Garden fresh tomatoes – the crown jewels of the garden. No other tomatoes come close to the fresh, flavorful taste of garden tomatoes.
We start the season picking one or two tomatoes for sandwiches – mmm, toasted tomato sandwiches! Soon we’re picking bowls of tomatoes for fresh salsa and bruschetta – oh so good. By mid-September, there are no bowls big enough to hold all the tomatoes, time to haul out the boxes and start freezing, canning and dehydrating!
Canning tomatoes is not difficult, but it does take time. And yes, there are some important safety guidelines (more details below) you need to follow – but even those are super easy. Basically, you just need to add acid (lemon juice or vinegar) and water bath your cans for a specified amount of time. No big deal.
Here are the simple steps I use for canning tomatoes. I like chopped or diced canned tomatoes, but you can leave your tomatoes any size you prefer. I’ve provided two options, one with the skins on and one including how to peel the tomatoes.
Do I have to Peel Tomatoes for Canning?
Updated, 2020 – I’ve always said peeling was optional. But the USDA Complete Guide to Home Canning says that peeling root crops and tomatoes greatly reduces the number of bacteria, yeast and molds. So they recommend peeling tomatoes.
The National Center for Home Food Preservation includes instructions for peeling tomatoes in most of their canned tomato products – (not their tomato juice recipe). They also say their canning instructions are meant to be followed as written and changing ingredients or steps may impact quality and safety of the final product. Another vote for peeling tomatoes.
Now, you would think that the amount of time tomatoes are boiled before canning and once again during the canning process would be enough to eliminate dangerous pathogens – but the safe thing to do is follow the experts’ advice and peel tomatoes.
Canning Crushed Tomatoes – With Peeling
1. Wash tomatoes and remove any blemishes.
2. Peel tomatoes. Make a small X on the bottom of the tomato, place it in boiling water for 60 seconds then transfer immediately to an ice water bath and peel. The peel will slip right off.
3. Chop tomatoes and toss into a large pot.
4. Bring chopped tomatoes to boil for 5 minutes.
5. Pack hot tomatoes into clean, hot jars (they need to be hot so the jars won’t crack, but they don’t need to be sterilized because our hot water bath will be more than 10 minutes).
6. Add lemon juice to each jar. VERY IMPORTANT for safe canning. Add 2 tbsp lemon juice per 1 Litre or 1 Quart jar. Add 1 tbsp to each 500 ml or 1 Pint jar.
7. Seal with hot sealing lid.
8. Place in hot water bath. Boil litre or quart jars for 45 minutes. Boil 500 ml or pint jars for 35 minutes.
Safety Issues around Canning Tomatoes and Tomato Products
Tomatoes are Borderline between High Acid and Low Acid
The issue with canning tomatoes is that the level of acid in tomatoes varies. Some are high acid and some are low acid and even though the sticker at the greenhouse may say “high or low acid” tomato, there’s really no way for us home canners to know for sure. Those labels are helpful, but they’re no guarantee and furthermore, growing conditions may also affect just how acidic or not those tomatoes end up being. In other words, to be safe, we should add acid to our tomatoes.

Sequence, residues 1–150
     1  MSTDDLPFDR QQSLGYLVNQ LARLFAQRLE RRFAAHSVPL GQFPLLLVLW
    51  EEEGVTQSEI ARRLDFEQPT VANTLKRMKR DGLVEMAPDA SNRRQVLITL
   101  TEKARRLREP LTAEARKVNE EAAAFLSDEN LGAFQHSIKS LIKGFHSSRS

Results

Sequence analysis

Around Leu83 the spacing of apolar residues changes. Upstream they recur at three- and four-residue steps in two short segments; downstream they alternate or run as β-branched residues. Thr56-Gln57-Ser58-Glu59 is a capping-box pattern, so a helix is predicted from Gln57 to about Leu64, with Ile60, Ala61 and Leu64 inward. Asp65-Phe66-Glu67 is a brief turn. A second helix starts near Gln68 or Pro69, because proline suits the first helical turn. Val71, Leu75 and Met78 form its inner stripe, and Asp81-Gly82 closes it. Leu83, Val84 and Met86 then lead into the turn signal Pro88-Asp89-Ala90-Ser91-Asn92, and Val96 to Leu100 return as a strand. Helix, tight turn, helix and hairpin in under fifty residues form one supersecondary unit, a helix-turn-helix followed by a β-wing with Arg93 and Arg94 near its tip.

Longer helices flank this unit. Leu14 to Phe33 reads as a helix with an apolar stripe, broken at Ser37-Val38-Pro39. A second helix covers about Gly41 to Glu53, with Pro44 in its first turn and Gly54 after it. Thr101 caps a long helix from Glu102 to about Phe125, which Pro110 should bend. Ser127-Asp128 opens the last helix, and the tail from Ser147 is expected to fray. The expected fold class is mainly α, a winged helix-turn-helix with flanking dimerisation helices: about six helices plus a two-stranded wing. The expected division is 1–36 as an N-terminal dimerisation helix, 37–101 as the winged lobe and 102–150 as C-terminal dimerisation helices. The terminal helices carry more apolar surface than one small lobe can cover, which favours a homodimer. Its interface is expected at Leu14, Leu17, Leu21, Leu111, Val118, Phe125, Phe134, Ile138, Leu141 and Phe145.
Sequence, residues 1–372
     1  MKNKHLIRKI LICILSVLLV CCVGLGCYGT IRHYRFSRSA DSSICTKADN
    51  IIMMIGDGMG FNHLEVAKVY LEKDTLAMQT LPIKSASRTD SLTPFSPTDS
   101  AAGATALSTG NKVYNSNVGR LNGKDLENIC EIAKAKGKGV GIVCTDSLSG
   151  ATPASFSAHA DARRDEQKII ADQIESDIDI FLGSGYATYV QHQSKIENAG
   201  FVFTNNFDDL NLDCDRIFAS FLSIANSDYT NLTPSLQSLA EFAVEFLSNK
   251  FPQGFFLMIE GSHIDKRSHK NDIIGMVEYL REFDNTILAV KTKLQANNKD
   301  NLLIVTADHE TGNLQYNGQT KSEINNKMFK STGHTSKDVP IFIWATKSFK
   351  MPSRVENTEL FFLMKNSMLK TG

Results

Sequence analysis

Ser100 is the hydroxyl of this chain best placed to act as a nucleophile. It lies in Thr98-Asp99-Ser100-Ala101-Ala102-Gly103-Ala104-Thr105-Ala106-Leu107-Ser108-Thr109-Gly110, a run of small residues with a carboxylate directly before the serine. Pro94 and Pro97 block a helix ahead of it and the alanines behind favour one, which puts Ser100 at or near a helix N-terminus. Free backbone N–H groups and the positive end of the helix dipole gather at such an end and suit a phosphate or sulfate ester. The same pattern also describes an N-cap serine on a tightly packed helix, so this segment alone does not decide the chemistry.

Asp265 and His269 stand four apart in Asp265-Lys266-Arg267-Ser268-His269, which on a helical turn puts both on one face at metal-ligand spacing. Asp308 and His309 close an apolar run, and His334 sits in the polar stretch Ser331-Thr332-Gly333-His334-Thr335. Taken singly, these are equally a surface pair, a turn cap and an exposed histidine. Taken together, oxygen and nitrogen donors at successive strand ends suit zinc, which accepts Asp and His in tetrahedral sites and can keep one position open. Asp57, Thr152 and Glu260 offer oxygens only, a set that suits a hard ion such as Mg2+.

One of the most dangerous pathogens and one we want to avoid in home canning is Clostridium botulinum, the bacteria that causes botulism and it can be fatal. This bacteria thrives in high moisture, low acid, low salt and low oxygen environments. Canned tomatoes, tomato products, meat, soups, stews, fish, beans and other low acid foods provide the ideal environment for botulism spores.
How to avoid Clostridium Botulinum in Home Canned Goods
– heat low acid veggies, meats and other canned goods in a pressure canner where temperatures can get to the required 240°F/116°C and process it for the recommended time. Again, it’s important to follow the recommended times provided by tested recipes from a trusted source like the National Centre for Home Food Preservation
Canned tomatoes are a great addition to any pantry and by following current practices, you can rest easy knowing you’ve done your best to ensure a safe and delicious product.
Getty Stewart is an engaging speaker and writer providing tasty recipes, time-saving tips, and helpful kitchen ideas to make home cooking easy and enjoyable. She is a Professional Home Economist, author of Manitoba’s best-selling Prairie Fruit Cookbook, Founder of Fruit Share, mom and veggie gardener.
can I use frozen garden tomatoes just cut up and frozen not cooked first to a cooked salsa?
There’s no safety reason why you can’t add them to cooked salsa, but flavor and texture will likely be different. You might need to cook the salsa a little longer to evaporate the liquid from the tomatoes or you could add a can of tomato paste to get a thicker texture. The peel will likely also come off the tomatoes and make little curled up bits in your salsa – not a big deal.
Sometimes in the busy garden season when I can’t keep up with my tomatoes, I’ll toss fresh, raw tomatoes in the freezer. I typically use them in soups or stews where the extra liquid isn’t an issue. Sometimes, I’ll puree them before adding into a dish so that the tomato peel isn’t noticed by anyone.
Hope this helps.